In the fortnight before the opening Test, WSC had launched to poor attendances and a generally lukewarm response. The first Test between Simpson's almost unknown Australia and India in Brisbane was nervously watched by both the ACB and WSC, as it directly clashed with Packer's Supertest in Melbourne. The official Test was a cracker and attracted 32,000 to the Gabba; the Supertest drew a little over 13,000.
In Brisbane, Simpson was dismissed for 7 in the first innings, falling to the spin of Bishan Bedi. In his last Test before this one, in January 1968, he had been dismissed by Bedi, also for 7. Australia gained a slender 13-run lead on the first innings before Simpson made a vital 89 second time round. India, chasing an improbable 341 to win, fell 16 runs short.
The second Test, in Perth, was no less exciting. India took an eight-run first-innings lead - Simpson's six-and-a-half hour 176 keeping them at bay almost alone - but lost by two wickets as Australia chased down 342 with 22 balls remaining. Again, crowds were larger than expected.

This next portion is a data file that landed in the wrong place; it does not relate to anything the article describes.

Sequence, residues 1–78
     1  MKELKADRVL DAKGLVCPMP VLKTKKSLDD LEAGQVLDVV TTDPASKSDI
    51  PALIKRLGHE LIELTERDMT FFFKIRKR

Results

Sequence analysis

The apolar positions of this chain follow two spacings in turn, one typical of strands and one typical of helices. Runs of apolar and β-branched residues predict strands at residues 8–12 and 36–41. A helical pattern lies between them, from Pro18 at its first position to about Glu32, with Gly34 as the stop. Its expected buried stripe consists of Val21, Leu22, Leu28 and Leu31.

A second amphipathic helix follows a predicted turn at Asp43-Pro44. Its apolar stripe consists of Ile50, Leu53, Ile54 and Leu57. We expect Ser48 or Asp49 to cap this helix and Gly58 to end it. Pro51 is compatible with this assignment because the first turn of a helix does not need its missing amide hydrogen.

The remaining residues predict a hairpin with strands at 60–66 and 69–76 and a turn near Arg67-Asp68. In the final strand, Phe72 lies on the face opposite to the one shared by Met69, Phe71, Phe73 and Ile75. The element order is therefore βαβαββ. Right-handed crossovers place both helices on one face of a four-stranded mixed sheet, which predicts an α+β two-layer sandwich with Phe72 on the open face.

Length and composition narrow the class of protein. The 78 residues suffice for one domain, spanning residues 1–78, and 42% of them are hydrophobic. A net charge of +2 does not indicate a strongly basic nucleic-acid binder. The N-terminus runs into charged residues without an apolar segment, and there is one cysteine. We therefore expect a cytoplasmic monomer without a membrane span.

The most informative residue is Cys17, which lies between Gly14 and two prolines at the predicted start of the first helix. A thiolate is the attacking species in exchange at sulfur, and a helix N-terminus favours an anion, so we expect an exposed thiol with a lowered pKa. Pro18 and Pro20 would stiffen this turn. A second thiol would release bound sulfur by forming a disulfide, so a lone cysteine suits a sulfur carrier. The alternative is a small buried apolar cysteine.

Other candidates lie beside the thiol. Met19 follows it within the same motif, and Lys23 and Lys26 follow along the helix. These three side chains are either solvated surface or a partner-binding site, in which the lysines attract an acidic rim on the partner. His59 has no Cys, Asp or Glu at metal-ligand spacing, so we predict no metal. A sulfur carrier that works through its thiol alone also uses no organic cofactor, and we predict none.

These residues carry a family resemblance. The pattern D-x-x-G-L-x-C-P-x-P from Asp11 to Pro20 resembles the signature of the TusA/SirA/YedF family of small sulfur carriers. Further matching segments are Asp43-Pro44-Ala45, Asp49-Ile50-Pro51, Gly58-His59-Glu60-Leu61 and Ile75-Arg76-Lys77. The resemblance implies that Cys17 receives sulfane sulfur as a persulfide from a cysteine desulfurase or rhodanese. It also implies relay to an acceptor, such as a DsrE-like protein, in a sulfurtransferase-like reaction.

India kept the series alive with comprehensive wins in the third and fourth Tests, but Australia, anchored by Simpson's 100 and 51, won the decider by 47 runs on the sixth day. Nevertheless, India made 445 in pursuit of 493, the highest losing total in the fourth innings of a Test; when they were 415 for 6, a remarkable win was still on the cards.
Simpson's return had proved more successful than anyone had dared hope. Not only had he forged a winning side from a batch of youngsters, he had done so by leading from the front with 539 runs at 53.90. Financially, a thrilling Test series had won out over WSC's garish, hyped Supertests.
But the tide was about to change. Shortly before the final Test, almost 25,000 watched a WSC limited-overs game under floodlights. Packer, with white balls, coloured clothing and a variety of gimmicks, had found what the public wanted. Cricket would never be the same again.